Present on the night also was Marine Legoupil, Brand Ambassador for Barton and Guestier in Ireland who also have a range of wines ‘Thomas Barton’ that commemorate the original ‘French Tom’ who bought Grove all those years ago. Barton and Guestier, although founded by the Bartons is now a totally separate company and interestingly their agents in Ireland are the Gleeson Group that have strong Tipperary Connections.
The book will be available in local shops and at Historical Society events.
Fethard Medieval Festival
Sunday last saw Fethard’s sixth Medieval Festival and Fair being held on the Streets and in the Valley park by the Town Wall.
As expected, the Tipp-Kilkenny hurling match (or mis-match!) reduced the numbers attending but for the still large crowd present it was probably the best Festival to date. The array of family friendly events and ‘hands on’ sites was truly amazing for a festival in such a small town.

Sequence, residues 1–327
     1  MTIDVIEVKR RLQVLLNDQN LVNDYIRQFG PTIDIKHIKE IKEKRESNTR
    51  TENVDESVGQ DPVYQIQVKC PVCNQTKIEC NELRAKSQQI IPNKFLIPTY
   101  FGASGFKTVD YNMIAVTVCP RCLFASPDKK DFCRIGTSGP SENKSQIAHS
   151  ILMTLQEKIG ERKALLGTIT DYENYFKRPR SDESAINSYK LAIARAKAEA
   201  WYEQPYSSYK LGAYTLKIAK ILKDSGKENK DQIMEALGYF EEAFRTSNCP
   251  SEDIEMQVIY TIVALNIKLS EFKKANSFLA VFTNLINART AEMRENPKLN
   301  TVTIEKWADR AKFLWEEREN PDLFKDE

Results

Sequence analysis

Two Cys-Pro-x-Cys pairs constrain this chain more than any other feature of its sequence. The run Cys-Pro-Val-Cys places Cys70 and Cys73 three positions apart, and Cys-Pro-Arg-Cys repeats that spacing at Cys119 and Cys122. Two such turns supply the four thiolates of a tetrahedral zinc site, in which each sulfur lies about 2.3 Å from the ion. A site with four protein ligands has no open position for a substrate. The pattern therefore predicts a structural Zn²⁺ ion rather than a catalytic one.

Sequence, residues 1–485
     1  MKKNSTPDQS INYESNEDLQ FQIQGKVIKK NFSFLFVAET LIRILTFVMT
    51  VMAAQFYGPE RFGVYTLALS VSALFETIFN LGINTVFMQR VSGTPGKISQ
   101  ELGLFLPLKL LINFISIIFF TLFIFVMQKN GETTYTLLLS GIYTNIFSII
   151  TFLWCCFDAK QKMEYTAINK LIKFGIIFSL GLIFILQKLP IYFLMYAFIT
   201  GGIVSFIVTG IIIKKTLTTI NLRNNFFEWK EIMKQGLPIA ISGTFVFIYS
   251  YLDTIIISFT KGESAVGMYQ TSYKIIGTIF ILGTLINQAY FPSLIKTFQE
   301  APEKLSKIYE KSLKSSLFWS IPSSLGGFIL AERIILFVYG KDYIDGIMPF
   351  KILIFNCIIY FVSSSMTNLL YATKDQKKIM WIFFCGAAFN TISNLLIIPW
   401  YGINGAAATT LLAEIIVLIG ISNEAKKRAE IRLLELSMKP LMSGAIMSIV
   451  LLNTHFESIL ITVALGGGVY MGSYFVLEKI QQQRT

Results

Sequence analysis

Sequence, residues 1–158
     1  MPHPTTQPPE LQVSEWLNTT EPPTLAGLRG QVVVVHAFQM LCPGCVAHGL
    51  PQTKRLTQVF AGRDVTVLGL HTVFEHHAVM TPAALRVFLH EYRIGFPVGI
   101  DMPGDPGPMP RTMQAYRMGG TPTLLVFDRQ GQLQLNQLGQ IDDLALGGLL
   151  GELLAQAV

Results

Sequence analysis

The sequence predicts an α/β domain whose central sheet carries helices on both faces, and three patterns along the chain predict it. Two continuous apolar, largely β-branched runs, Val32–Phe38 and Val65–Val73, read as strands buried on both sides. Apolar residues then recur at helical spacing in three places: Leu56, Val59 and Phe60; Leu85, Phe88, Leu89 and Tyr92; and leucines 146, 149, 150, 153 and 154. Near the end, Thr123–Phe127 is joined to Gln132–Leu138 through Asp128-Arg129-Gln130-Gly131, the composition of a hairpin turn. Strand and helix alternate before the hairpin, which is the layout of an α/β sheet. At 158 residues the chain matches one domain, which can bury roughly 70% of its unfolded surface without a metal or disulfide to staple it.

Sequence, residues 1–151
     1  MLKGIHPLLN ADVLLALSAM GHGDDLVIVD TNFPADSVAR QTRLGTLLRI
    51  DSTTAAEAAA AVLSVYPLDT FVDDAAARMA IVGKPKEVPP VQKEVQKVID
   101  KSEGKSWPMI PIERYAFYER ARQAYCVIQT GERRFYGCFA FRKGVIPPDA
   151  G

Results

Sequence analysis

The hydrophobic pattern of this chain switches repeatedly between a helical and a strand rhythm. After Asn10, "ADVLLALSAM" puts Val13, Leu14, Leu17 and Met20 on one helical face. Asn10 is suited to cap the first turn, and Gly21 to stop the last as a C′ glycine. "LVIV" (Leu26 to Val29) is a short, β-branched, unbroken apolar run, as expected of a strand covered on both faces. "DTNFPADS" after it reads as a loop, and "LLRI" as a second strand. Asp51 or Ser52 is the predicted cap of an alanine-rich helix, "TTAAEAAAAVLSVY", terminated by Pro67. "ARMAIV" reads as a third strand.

There were many new exhibits this year, with Wolfhound Archaeology’s four tented display being a huge attraction. Here, children could really get a feel of what ‘digging up our roots’ is all about and to see the skeletons emerging from the big sand boxes was great fun indeed.
There was also stalls with great collections of medieval fighting gear and equipment and of course local medievalist Colm McGrath and his ‘merry men and women’ waged another few fierce battles to the delight of the crowd.
There was noticeably more tourist visitors present as Failte Ireland and the Heritage Council promoted the Festival on all their websites and printed material.
Garda Mounted Unit
A big surprise to all was to see two of the Garda Mounted Unit from Dublin on their big strong horses joining in the parade. The organisers of the festival put in a request six months ago to Garda HQ seeking their presence but it was only in recent days that it was confirmed that they were coming. So congratulations to all involved and thanks to the Garda authorities for favouring Fethard on the first Sunday of Heritage Week.